Adrian Gore, CEO of Discovery. Picture: MARTIN RHODES
Adrian Gore, CEO of Discovery. Picture: MARTIN RHODES

DISCOVERY CEO Adrian Gore — who has been at the helm for 20 years — said on Tuesday he was still committed to serving the company and hoped to expand the business into the rest of Africa in the next three to five years.

Speaking after Discovery’s annual general meeting in Sandton on Tuesday, Mr Gore said he was "still halfway through the marathon" and would continue serving the company as long as he added value and the business was still growing.

"We have started to internationalise the business successfully. Our international expansion is still embryonic ... within three to five years we think we will be involved in Africa."

Mr Gore is one of the longest serving CEOs of a listed financial services company in South Africa. He founded Discovery Health in 1992. The company listed on the JSE in 1999 and has now grown its offering from medical health insurance to long and short-term insurance, investment products and credit cards.

It has 5.8-million clients globally and has operations in the US, UK and China.

Mr Gore has previously said that one of the challenges of expanding into the rest of Africa is the shortage of private hospitals offering Discovery the opportunity to sell its medical insurance products.

In China, where Discovery owns 20% of health insurance company Ping An, the focus next year will be to become the number one provider in the group high-end insurance market, focus on the individual market and roll out the Vitality wellness programme.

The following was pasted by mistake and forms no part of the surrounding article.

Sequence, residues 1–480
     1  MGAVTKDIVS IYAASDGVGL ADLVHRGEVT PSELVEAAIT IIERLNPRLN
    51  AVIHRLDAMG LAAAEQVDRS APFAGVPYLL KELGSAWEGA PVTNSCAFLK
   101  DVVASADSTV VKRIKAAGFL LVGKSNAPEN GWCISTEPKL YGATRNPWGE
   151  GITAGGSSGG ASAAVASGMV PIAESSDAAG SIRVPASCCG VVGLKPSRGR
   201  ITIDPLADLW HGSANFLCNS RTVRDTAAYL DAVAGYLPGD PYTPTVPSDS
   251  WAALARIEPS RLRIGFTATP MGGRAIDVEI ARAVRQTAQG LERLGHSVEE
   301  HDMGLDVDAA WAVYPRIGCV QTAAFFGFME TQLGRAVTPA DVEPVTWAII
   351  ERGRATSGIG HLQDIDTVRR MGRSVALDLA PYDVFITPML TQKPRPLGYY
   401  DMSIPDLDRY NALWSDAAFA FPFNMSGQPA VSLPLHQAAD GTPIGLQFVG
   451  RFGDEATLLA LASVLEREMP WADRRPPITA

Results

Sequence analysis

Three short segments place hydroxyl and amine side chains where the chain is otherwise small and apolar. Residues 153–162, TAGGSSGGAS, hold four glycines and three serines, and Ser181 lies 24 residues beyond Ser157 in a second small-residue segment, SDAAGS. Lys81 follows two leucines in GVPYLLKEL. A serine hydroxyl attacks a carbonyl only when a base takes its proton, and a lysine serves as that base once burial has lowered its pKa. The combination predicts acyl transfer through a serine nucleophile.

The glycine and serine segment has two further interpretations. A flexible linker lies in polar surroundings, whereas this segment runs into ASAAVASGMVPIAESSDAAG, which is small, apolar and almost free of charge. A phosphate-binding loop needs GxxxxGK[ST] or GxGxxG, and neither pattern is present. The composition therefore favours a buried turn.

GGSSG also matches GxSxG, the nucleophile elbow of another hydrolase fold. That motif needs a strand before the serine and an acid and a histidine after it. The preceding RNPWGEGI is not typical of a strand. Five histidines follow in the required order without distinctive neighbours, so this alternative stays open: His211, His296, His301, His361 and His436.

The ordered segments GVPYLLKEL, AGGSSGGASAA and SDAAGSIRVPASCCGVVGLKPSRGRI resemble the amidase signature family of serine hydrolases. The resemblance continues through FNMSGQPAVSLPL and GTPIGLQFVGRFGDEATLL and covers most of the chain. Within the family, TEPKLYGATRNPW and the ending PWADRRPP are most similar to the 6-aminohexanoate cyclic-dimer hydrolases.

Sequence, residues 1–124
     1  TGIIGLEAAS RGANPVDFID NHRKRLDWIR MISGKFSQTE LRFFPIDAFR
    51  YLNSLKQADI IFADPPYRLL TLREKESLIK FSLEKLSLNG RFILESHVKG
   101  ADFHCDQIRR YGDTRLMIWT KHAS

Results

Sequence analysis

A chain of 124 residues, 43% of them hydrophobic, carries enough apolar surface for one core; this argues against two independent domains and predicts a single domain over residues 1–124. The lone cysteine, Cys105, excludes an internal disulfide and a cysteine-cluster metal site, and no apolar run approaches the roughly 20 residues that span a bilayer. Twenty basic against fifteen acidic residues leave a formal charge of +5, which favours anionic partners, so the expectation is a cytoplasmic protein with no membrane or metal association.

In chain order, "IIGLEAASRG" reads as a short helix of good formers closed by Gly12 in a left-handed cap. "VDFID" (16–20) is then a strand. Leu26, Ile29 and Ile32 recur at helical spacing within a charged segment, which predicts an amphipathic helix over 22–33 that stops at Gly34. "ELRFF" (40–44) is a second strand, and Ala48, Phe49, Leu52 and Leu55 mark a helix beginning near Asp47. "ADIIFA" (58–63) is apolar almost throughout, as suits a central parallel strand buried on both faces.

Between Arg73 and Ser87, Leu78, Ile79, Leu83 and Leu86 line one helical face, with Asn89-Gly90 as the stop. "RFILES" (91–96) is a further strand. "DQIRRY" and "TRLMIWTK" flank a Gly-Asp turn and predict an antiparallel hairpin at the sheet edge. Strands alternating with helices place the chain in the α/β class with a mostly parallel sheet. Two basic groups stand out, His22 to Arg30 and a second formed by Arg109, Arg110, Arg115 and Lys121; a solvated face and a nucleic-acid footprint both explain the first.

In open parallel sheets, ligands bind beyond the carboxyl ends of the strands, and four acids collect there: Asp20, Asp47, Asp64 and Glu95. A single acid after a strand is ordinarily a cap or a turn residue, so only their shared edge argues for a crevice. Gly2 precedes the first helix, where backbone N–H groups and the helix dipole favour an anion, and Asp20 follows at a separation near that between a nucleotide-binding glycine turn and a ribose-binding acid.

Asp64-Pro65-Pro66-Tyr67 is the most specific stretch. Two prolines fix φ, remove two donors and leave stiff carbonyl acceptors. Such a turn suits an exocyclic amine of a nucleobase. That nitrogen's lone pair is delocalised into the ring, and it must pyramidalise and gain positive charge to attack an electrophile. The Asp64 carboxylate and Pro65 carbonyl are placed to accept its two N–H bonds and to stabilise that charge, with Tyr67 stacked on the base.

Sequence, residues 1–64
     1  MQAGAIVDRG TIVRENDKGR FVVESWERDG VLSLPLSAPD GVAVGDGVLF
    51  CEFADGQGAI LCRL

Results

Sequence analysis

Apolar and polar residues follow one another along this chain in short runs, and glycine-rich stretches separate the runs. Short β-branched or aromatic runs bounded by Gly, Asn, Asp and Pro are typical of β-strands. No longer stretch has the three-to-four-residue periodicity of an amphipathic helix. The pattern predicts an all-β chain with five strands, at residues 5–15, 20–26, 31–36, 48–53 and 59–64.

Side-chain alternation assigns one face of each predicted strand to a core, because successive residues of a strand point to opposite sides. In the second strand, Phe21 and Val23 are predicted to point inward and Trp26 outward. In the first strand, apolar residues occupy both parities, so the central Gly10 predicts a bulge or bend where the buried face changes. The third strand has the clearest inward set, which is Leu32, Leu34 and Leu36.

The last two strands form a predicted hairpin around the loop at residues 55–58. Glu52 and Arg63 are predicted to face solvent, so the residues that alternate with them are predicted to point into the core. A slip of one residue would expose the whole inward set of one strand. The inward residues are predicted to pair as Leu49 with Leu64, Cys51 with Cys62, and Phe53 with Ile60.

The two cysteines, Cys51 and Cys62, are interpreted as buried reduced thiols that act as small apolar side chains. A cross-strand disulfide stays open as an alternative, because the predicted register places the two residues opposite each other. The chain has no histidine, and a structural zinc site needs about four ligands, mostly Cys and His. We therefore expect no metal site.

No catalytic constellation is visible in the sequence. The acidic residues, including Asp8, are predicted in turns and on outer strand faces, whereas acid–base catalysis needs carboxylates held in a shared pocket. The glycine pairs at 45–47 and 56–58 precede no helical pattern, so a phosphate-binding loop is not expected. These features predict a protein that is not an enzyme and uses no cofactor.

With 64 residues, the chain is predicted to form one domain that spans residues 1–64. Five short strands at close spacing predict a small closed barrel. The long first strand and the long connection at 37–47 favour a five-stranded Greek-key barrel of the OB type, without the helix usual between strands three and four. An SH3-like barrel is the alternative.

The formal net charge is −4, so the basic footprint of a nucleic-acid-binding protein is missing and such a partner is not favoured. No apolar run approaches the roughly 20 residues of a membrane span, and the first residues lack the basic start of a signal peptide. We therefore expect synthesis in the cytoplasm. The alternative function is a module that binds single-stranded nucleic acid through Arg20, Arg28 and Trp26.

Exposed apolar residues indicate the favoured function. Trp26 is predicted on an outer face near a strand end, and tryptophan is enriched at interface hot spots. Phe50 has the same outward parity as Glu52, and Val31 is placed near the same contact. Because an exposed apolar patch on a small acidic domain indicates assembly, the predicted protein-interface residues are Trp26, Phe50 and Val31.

Ping An is the third-largest writer of group high-end medical insurance. One of the big players in China is Cigna.

The public healthcare system in China, through the Social Health Insurance, provides basic medical cover to 90% of the Chinese. Private health insurance companies play a role in supplementing the public healthcare system and offering medical insurance for diseases that are more expensive to treat.

At Discovery’s annual general meeting on Tuesday, the company announced that its nonexecutive director Vhonani Mufamadi was stepping down due to "pressing work commitments".

Among other resolutions that were passed yesterday shareholders voted to change the company’s name to Discovery Limited from Discovery Holdings Limited.

Discovery shares ended up 1.05% to R56.80 on Tuesday.

From year-to-date — January to December 4 — Discovery shares have risen by 30.57%.